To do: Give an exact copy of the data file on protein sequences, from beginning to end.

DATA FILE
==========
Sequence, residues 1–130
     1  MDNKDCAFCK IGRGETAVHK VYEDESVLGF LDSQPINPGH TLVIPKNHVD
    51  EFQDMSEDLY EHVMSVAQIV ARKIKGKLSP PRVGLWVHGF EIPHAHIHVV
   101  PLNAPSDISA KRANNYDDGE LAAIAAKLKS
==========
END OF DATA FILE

Sequence, residues 1–130
     1  MDNKDCAFCK IGRGETAVHK VYEDESVLGF LDSQPINPGH TLVIPKNHVD
    51  EFQDMSEDLY EHVMSVAQIV ARKIKGKLSP PRVGLWVHGF EIPHAHIHVV
   101  PLNAPSDISA KRANNYDDGE LAAIAAKLKS